We are all constantly being bombarded with tales of obese Britain and how we are shoring up health problems for the future generations even before they are born yet new research reveals a shocking lack of information being given to expectant mothers on how to manage their weight during pregnancy.
Cookery writer, food expert and mum-of-three Annabel Karmel is cooking up the most important campaign of her life. Annabel – who has sold more than four million books worldwide – is on a mission to help pregnant mums before their babies even arrive.
Annabel is fighting for better nutrition education and greater awareness in relation to how much weight pregnant women can safely put on far earlier on in their pregnancy – and even before they get pregnant.
“The experts all focus on the health of the baby during pregnancy, but there needs to be greater help for mums-to-be when it comes to their wellbeing and their diet.
“Currently, British authorities do not issue an actual guideline on recommended weight gain during pregnancy; they only suggest the ‘usual’ weight gain during pregnancy. This is not specific enough as it is not relevant for the high percentage of over and underweight women in the UK. Plus, unlike other countries, here in the UK we do not have guidelines regarding weight gain during each trimester meaning it is impossible to track rate of weight gain. No one organisation or body has campaigned for clearer guidelines for weight gain in pregnancy to date – which is quite surprising I think given many of the official organisations state that there are problems with too much and too little weight gain.
“If you look at other countries, they are a lot more advanced. Pregnant women in America and Australia have national guidelines to help them and the US updated its guidelines to reflect changing US demographics, particularly the surge in obese or overweight people. I want the UK health authorities and the Government to take notice and give similar advice. If we can save just one baby or mother from health problems, it will be a job well done.”
“I believe it’s in the mother’s, the baby’s, the hard-working healthcare professionals’ and the NHS’s interests to provide better nutrition education and greater awareness in relation to how much weight pregnant women can safely put on far earlier on in their pregnancy. The end result would be a positive one for everyone and enable our next generation to be as healthy as possible.”
- 59% of women were not given any guidance on appropriate weight gain during pregnancy and a further 11% can’t recall receiving any at all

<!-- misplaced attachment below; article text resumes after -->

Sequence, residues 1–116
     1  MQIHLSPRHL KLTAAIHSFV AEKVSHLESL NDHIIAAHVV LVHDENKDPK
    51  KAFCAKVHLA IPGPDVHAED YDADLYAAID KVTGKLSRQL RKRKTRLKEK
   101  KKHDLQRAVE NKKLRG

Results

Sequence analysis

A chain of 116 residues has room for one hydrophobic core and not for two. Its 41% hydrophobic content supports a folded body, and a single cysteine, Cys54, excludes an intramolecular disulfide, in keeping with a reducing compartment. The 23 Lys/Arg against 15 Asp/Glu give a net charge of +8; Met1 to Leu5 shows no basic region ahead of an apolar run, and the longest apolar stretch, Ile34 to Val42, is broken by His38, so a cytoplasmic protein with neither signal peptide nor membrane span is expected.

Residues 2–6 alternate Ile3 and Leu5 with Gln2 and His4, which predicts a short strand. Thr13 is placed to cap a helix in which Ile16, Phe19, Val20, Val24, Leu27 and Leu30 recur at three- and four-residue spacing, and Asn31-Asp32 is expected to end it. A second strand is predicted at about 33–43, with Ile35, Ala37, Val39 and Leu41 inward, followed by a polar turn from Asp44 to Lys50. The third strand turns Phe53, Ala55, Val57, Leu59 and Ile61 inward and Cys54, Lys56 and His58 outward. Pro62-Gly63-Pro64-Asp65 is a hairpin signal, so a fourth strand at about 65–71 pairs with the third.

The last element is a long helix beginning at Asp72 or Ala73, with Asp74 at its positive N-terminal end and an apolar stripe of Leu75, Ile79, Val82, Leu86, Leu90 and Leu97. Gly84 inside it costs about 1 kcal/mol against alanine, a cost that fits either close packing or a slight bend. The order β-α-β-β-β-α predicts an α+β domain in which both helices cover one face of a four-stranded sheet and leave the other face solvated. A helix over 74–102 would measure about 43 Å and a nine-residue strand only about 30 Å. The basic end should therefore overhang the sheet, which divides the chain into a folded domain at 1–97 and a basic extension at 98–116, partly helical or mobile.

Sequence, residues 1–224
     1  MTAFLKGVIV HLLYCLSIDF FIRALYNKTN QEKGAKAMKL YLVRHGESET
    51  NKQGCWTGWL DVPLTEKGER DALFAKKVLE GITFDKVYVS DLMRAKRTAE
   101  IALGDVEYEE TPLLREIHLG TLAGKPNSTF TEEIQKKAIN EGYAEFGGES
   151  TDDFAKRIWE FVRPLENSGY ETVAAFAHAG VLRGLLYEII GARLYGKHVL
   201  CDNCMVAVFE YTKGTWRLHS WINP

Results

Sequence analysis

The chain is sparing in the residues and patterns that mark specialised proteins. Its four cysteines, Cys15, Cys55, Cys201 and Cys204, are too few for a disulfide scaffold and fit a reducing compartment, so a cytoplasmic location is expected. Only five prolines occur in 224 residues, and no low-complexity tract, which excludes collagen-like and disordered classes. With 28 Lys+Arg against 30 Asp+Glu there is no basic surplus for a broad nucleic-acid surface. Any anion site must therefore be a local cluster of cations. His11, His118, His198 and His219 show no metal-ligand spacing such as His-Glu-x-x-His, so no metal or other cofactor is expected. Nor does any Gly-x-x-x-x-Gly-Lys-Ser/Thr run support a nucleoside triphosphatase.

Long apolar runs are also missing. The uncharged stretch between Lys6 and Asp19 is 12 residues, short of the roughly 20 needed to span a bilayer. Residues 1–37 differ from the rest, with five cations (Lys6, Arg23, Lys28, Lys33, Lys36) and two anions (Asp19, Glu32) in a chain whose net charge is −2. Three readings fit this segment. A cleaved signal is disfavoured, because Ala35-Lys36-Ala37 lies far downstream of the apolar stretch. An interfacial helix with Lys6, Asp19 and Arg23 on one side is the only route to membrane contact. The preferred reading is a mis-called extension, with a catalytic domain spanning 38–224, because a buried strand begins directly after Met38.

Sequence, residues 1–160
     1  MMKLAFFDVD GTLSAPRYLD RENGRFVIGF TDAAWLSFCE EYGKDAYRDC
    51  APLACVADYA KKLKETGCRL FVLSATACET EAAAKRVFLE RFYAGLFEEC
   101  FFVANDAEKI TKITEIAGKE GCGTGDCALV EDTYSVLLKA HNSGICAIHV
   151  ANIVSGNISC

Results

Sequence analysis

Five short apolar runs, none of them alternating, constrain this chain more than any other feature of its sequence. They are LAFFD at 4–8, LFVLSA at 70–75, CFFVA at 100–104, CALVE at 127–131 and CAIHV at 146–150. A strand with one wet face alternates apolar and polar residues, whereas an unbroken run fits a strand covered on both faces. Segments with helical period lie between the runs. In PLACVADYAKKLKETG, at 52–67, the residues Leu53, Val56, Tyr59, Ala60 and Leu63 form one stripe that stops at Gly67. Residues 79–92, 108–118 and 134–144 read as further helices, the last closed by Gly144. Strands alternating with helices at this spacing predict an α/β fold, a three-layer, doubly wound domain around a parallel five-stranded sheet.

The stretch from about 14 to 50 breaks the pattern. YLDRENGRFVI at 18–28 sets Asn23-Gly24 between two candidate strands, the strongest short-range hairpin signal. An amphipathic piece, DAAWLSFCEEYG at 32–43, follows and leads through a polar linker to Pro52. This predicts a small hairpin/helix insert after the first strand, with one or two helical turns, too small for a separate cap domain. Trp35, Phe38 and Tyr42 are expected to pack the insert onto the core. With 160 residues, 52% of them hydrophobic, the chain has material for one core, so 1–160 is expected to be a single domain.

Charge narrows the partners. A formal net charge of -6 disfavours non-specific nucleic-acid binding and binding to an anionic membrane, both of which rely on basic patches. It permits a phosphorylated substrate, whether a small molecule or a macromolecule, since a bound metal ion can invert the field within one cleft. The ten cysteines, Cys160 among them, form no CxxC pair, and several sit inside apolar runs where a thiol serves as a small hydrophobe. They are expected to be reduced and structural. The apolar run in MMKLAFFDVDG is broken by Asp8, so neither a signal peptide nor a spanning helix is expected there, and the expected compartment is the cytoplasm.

- Only 30% of UK women have received some weight gain guidance during their pregnancy
- Nine per cent of UK women got pregnancy weight ‘advice’ from friends and 8% from a relative
- According to the research, two-thirds of pregnant women/mums (66%) are unaware of what a normal woman’s weight gain should be for a single baby pregnancy
- When pregnant women and mums were asked what is the average weight gain, 19% thought it should be 8kg or 1 stone 4lbs (this would not be not enough weight gain); and 13% thought it was anywhere between 2 stone 7lbs to 3 stones 2lb (experts would view this as too much weight gain).
- Women in the UK are getting bigger: 16 -24 yrs: 31% of girls are overweight and 10% are obese; 25-34 yrs: 49% women overweight and 21% obese; 35-44 yrs: 55% women are overweight and 27% obese
- Almost one in five pregnant women have a BMI of 30 or over at the beginning of their pregnancy (compared to the normal BMI which is between 20-25)
- Annabel Karmel MBE is today (21 June 2012) launching a campaign for much clearer information to be made available relating to women regarding what weight gain they can expect during pregnancy, clearer guidelines relating to rate of weight gain in pregnancy, and guidance regarding what is ideal /acceptable weight gain during pregnancy.
To help inform expectant mothers throughout each stage of their pregnancy and provide tips and advice on what to eat and weight management, Annabel Karmel is publishing Eating for Two (RRP £12.99 Ebury Press). The book guides expectant mothers throughout each stage of their pregnancy, offering tips and advice on what to eat and avoid. It includes 94 recipes developed by Annabel Karmel as well as her expert advice for mums-to-be.
“During each of my own pregnancies I received lots of nutrition advice from all different sources – yet a lot of it was confusing and contradictory. I wanted this book to really help women at such an important stage in their lives.
“Many women still believe that they should be eating for two throughout the whole of their pregnancy and are unaware that their energy requirements from food don’t need to increase significantly in the first two trimesters. This book demystifies this, and many other pregnancy myths, providing readers with definitive advice, as well as identifying pregnancy super nutrients for mums-to-be and their baby.”
For up-to-date information, advice, tips and recipes, Annabel can be followed on twitter @AnnabelKarmel, on her facebook page (Annabel Karmel) and at www.annabelkarmel.com
 546 UK women (pregnant women, new mums and mums of toddler and school aged children) took part in the research using a combination of online and face to face research. The research, commissioned by Ebury Publishing and Annabel Karmel, was conducted between 17 April-20 April. Online research was conducted on www.annabelkarmel.com website.
 Women were asked what is the average weight gain for a normal weighted women during a single baby pregnancy
 Royal College of Obstetricians and Gynaecologists